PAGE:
Painter overcomes health issues to create art

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Painter overcomes health issues to create art

Milessa Murphy Stewart’s art leans toward an impressionist style. (via Abigail Allen/Community Impact Newspaper)

Walking through Frisco artist Milessa Murphy Stewart’s house is like walking through a private gallery.

Her works—watercolors, oil paintings and murals, adorn the walls of her house. Along with her signature, many of the pieces feature the phrase “Dei gratia”—by God’s grace—the inclusion of which was inspired by one of her best friends who taught art.

“She told me that she believed art was learned until she met me, and then she said there was no doubt in her mind that God had blessed me with that,” Stewart said. “When she told me that, it was really significant, and that’s when I decided I was going to do something to honor that.”

Each year, Stewart decides which project she wants to focus on. Some of her projects include “Dreamscapes,” which she said captured her daydreams. In 2016, she focused her time and attention on capturing the feeling and the passion behind the public art sculptures spread throughout Frisco for MMS Project 52.

“Many people, and including myself, don’t have an appreciation for sculpture,” Stewart said. “We pass by them on interstates and tollways all the time. So in order to enlighten the public on that type of art and stretch my appreciation for it as well, I decided to do this project.”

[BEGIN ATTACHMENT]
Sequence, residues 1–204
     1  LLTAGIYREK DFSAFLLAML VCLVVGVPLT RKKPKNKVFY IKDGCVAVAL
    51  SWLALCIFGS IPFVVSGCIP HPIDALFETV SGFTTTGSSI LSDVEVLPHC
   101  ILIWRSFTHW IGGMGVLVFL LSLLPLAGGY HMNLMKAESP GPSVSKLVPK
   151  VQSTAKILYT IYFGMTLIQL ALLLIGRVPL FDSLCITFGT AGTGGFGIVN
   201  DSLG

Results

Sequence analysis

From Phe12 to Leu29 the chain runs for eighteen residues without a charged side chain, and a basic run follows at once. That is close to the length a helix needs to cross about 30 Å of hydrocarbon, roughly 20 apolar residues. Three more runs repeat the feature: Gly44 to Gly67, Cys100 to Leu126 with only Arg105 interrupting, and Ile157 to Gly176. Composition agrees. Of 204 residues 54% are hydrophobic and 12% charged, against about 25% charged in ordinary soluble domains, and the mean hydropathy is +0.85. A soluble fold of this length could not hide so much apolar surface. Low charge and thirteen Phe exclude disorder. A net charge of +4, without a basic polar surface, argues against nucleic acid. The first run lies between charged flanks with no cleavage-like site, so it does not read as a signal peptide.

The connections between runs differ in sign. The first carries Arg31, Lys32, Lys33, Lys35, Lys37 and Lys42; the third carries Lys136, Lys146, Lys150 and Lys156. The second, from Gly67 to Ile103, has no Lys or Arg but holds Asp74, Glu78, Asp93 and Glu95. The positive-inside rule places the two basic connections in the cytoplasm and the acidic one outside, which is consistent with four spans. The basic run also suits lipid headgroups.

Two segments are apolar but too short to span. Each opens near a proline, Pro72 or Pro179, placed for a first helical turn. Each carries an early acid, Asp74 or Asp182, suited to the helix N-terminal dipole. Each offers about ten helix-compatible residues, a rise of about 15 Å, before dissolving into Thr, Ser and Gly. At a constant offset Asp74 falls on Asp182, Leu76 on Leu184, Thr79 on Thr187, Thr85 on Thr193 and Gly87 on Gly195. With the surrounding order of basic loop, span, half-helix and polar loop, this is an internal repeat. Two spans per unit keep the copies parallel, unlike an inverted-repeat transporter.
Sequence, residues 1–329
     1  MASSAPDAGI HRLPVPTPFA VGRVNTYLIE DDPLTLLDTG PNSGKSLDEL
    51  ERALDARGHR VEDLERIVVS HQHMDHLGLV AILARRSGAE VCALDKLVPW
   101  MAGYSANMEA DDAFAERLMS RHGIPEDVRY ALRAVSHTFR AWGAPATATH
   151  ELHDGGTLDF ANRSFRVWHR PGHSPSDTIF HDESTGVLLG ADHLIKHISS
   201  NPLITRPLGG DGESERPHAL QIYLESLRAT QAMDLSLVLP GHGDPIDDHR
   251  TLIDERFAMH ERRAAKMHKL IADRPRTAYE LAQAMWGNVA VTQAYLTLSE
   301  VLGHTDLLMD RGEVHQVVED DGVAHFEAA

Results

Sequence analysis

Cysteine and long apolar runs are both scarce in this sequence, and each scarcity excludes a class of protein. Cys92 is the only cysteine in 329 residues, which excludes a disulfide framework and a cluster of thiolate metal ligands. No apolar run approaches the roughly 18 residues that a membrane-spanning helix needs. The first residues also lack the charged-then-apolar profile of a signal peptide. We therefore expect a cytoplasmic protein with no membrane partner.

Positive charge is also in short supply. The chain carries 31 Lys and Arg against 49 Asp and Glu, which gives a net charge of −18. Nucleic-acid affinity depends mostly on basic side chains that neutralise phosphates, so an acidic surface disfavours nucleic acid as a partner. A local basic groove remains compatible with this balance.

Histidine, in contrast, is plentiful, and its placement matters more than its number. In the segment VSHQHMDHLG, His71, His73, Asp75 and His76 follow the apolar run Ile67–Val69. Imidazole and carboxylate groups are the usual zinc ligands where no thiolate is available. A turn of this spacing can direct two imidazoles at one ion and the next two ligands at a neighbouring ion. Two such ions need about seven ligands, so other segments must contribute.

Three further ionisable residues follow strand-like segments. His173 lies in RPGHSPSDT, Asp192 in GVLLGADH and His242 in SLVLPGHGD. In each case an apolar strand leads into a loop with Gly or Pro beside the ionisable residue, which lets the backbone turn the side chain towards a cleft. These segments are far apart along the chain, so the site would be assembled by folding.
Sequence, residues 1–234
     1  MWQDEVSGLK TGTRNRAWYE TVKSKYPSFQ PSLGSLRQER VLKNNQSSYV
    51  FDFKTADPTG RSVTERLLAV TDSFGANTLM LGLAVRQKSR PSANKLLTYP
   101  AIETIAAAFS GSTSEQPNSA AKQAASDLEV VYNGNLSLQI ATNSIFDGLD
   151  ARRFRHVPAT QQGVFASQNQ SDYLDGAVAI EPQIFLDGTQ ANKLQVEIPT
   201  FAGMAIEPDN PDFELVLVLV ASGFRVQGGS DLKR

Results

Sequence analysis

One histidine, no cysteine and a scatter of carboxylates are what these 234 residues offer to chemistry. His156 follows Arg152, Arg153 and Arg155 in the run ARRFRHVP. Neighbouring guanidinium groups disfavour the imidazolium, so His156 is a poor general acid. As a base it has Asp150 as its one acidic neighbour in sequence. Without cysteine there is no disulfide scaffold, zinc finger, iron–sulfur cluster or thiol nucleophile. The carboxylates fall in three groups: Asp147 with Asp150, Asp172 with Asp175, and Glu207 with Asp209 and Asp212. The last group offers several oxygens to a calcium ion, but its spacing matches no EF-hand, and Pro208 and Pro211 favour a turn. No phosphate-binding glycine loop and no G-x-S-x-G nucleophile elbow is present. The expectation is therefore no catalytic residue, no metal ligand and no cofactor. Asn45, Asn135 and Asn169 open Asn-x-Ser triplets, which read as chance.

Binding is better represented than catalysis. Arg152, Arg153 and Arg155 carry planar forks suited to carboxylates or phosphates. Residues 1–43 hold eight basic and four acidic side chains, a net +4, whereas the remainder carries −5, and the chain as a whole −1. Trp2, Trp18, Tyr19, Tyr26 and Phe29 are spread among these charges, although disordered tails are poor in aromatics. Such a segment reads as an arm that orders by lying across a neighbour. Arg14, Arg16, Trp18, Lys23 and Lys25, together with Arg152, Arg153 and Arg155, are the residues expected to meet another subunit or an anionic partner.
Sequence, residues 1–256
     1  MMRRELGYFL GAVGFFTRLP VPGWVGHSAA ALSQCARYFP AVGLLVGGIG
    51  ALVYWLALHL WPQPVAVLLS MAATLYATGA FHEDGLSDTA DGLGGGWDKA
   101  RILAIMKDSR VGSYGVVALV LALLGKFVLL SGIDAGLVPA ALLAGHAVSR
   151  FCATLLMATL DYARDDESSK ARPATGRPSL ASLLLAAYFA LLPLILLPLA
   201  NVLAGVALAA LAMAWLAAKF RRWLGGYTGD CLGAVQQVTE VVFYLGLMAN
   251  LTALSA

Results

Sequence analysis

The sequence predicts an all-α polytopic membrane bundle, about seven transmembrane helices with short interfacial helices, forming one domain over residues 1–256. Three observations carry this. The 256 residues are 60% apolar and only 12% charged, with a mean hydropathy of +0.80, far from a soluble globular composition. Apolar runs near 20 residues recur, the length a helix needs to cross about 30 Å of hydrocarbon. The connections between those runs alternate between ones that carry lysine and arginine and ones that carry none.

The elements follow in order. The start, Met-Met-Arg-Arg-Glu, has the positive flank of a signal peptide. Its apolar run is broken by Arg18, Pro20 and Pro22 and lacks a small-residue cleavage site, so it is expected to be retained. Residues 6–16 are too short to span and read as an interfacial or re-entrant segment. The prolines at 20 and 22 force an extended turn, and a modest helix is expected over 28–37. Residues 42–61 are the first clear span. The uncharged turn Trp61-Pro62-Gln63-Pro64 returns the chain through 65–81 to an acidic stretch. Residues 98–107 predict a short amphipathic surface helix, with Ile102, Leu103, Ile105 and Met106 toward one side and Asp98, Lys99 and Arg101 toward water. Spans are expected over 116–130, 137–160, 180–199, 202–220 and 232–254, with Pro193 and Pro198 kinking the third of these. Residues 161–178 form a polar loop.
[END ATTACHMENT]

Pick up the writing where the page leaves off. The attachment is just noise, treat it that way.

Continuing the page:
In her work, Stewart tends toward an impressionist style. She said she looks to painters Pierre-Auguste Renoir and Claude Monet for inspiration.

“I’m kind of really drawn to [the impressionist]period,” she said. “I really wish I was born during that time so I could have painted with them.”

Like the original impressionists, Stewart likes to mix her colors through her brush strokes on the canvases instead of on a palette. She paints portraiture, landscapes and abstracts either in her office or en plein aire, which means painting outdoors. One of her experiences painting en plein aire was in Monet’s water gardens in 2015. 

Stewart participates in groups that help connect and support local artists. She is a member of the Texas Visual Arts Association, The Visual Arts Guild of Frisco and The Cooperative Venue for Creatives.

In 2016, Stewart was diagnosed with degenerative bone disease and has had to have surgery on both hands. Even having her hands in casts has not prevented her from working. She figured out a way to place the brush inside the end of her right hand’s cast and to use her left hand to help stabilize the brush as she worked.

“You just can’t squash an artist,” she said. “You just eventually—you just get there.”


To see more of Milessa Murphy Stewart’s art, visit www.milessa.com.

Artist as a youth

Milessa Murphy Stewart had an interest in art from a young age. At 8 years old, Stewart submitted an application to an art school that she saw advertised on television. She was accepted to the school.

“They didn’t know how old I was because I lied about my age,” Stewart said.

When she told her mother, Stewart was told, “Well, you’re gonna have to wait until you grow up,” Stewart said.

During her 30 years as an artist, Stewart has trained with renowned artists, including Zoltan Szabo, Carl Dalio, Linda Doll and Warren Taylor.

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